Last week I wrote about our move to Mexico in 1993, a move that promised to give me the time to write the next novel at hours later than 4 a.m. to 7 a.m. I should say a bit more about that decision.
Why Mexico? The three most compelling reasons were culture, distance and dollars. As long as we were planning to be gone for a year with our two younger children, ages 14 and 13, we wanted a cultural experience that broadened the horizons of all four of us. Barbara and I felt the kids would benefit from seeing life outside their comfortable zip code back home in Newport News. My youngest child, Carter, highlighted this need quite innocently one day when he asked when we were getting a jet ski.
“We are not getting a jet ski,” I told him. “You have a brother in college, another brother about to enter college, and tuition is expensive.”
“But Dad,” he said, “everyone in the world has a jet ski.”
Oh? While I had never been to Mexico when this exchange took place, I felt reasonably certain it would open his eyes to some realities he needed to learn. Months later, we crossed the border into Nuevo Laredo, a town which today has sadly become caught in the crossfire of warring drug cartels, but back then was just a sleepy Mexican city, dirt poor U.S. standards. As we crossed the Rio Grande and drove through block after block of Nuevo Laredo’s barrios, I said to him, “Carter, where do you suppose all the Mexicans keep their jet skis? I don’t see any.” From the back seat came this: “Okay, Dad, give it up. I get it.”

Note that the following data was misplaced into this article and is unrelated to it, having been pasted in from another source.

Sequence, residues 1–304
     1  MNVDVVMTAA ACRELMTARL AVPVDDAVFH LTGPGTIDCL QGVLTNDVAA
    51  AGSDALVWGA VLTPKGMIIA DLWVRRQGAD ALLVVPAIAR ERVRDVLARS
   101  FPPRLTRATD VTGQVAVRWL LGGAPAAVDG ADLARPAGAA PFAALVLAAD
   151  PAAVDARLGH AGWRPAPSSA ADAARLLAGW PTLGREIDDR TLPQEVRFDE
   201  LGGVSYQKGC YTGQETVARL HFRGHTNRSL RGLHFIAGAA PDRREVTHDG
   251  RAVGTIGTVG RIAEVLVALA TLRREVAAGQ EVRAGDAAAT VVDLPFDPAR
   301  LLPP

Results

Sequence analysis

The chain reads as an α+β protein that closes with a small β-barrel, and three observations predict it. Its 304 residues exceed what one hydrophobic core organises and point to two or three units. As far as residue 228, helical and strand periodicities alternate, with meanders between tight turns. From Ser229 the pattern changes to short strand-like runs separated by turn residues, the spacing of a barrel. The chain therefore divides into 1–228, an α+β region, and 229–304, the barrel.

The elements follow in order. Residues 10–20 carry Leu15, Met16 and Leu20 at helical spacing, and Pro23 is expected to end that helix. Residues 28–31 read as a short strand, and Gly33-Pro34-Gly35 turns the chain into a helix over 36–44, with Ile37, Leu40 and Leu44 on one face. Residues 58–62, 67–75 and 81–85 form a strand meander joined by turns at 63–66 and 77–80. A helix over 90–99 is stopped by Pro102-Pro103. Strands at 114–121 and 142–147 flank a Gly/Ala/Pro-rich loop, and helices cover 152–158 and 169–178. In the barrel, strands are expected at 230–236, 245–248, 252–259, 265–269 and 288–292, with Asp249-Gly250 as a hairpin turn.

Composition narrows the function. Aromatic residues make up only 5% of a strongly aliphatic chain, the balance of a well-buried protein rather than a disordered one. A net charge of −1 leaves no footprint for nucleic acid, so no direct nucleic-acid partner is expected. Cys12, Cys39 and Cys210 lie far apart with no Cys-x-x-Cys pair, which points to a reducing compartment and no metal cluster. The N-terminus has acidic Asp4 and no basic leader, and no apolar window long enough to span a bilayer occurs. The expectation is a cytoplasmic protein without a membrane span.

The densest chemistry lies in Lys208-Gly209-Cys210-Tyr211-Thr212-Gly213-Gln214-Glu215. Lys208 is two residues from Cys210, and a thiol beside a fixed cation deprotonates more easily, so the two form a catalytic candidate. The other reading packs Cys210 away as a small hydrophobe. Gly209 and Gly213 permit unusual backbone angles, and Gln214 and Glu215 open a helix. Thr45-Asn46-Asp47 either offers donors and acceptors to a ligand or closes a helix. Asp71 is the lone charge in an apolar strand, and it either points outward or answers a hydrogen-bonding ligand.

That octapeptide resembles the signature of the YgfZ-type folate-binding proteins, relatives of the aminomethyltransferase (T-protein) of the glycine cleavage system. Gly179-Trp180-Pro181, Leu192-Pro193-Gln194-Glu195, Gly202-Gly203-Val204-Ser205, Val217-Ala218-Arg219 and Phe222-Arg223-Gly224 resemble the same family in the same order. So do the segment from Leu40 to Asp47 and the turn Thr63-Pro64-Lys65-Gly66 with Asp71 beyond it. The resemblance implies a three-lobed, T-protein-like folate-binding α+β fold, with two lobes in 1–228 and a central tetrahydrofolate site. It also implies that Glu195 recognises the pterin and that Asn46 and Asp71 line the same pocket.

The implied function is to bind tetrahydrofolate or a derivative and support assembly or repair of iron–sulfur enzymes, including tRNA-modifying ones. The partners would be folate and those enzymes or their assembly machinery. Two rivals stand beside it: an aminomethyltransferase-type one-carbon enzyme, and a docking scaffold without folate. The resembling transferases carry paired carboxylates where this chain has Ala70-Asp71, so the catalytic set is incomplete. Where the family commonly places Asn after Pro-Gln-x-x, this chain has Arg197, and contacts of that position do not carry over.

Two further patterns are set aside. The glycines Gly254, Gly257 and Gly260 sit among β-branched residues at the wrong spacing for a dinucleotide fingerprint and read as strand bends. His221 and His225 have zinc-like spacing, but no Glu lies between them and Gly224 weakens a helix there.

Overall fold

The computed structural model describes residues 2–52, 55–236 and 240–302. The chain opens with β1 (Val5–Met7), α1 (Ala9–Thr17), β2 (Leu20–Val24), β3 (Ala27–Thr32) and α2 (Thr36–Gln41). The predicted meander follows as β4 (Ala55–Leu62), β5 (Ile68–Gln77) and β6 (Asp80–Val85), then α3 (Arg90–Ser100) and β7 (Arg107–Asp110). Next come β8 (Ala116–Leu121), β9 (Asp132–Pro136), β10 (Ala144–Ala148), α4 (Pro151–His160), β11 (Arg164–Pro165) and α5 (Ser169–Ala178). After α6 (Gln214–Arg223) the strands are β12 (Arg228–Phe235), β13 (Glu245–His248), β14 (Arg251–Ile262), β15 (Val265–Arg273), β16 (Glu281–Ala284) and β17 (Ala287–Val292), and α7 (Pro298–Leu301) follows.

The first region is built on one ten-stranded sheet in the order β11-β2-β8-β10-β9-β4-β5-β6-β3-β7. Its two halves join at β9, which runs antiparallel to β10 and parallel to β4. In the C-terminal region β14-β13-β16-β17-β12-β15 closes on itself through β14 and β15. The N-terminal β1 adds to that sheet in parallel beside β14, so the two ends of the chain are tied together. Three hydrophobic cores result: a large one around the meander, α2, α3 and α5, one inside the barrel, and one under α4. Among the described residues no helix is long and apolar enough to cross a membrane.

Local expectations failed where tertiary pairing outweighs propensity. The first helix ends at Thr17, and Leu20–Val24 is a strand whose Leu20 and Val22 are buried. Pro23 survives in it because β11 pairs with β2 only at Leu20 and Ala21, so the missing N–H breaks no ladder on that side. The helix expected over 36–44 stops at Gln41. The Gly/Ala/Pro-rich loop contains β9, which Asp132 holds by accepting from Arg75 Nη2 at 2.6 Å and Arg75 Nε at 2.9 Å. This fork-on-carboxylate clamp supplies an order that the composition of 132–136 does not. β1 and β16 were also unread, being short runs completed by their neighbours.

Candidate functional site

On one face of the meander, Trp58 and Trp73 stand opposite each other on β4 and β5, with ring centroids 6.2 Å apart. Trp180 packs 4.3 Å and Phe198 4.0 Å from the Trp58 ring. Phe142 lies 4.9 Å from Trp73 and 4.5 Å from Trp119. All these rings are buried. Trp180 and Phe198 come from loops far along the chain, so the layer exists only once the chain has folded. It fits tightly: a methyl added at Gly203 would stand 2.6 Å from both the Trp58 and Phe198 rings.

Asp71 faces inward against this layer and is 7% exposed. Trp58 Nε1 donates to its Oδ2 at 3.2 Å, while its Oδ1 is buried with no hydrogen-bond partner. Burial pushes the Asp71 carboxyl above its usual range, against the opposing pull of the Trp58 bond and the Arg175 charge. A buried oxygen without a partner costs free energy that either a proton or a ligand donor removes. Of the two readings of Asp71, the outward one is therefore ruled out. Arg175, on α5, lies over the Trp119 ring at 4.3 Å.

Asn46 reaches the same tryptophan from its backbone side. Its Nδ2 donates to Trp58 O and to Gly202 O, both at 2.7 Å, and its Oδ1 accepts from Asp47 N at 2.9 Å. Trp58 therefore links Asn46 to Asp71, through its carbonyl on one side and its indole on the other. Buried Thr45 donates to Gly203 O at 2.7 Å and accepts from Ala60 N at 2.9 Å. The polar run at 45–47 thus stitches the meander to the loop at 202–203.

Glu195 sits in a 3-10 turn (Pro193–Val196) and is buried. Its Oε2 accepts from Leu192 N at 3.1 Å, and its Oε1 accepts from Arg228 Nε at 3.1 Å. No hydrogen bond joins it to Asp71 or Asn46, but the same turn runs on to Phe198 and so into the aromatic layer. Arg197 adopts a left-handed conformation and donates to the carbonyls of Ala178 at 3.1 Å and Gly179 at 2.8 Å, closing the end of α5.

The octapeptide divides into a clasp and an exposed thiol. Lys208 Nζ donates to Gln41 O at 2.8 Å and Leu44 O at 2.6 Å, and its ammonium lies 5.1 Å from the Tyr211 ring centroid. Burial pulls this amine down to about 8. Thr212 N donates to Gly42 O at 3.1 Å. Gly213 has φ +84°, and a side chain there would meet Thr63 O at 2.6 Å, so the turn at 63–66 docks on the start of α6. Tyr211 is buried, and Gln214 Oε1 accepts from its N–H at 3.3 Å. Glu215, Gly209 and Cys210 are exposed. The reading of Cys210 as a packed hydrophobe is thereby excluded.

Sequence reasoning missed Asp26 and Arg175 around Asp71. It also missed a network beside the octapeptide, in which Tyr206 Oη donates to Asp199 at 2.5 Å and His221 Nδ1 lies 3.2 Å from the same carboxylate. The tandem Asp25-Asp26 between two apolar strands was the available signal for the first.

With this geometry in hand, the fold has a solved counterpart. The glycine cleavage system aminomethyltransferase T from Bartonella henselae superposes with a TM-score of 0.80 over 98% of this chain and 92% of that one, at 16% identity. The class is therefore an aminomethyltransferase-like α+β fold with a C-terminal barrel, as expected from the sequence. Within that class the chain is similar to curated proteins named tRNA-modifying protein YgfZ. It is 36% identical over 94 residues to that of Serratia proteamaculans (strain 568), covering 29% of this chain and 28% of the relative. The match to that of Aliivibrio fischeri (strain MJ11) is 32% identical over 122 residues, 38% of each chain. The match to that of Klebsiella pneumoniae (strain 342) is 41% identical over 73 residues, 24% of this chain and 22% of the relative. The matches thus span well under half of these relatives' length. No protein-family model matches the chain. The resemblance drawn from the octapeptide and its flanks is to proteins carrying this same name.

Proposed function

In addition to a cultural awakening, there was the distance factor. With our eldest son, Caldwell, at The Citadel, and our middle son, Nelson, headed to William & Mary that fall, we wanted to live somewhere close enough to get to either if some emergency arose. That ruled out Asia and much of the rest of the world. By air, the U.S. is a full day from San Miguel de Allende, and I mean a FULL day, but it is doable. A four hour bus ride to Mexico City, a taxi ride from the north bus station to Benito Juarez Airport, a connecting flight, usually in Atlanta, and you’re there. I’ve since done it many times.
The third criterion, dollars, can be summed up quickly. It is cheaper to live in Mexico than in the U.S., then and now, a major factor in the decision of many current U.S. citizens to retire there. Food is much cheaper (and fresher), medical care is far less expensive (with the quality improving dramatically) and tequila costs a fraction of American prices. The exchange rate then was 3 pesos for $1. We were on a budget, so Mexico made sense.
Next week I’ll address the logical follow-up question: why San Miguel de Allende?
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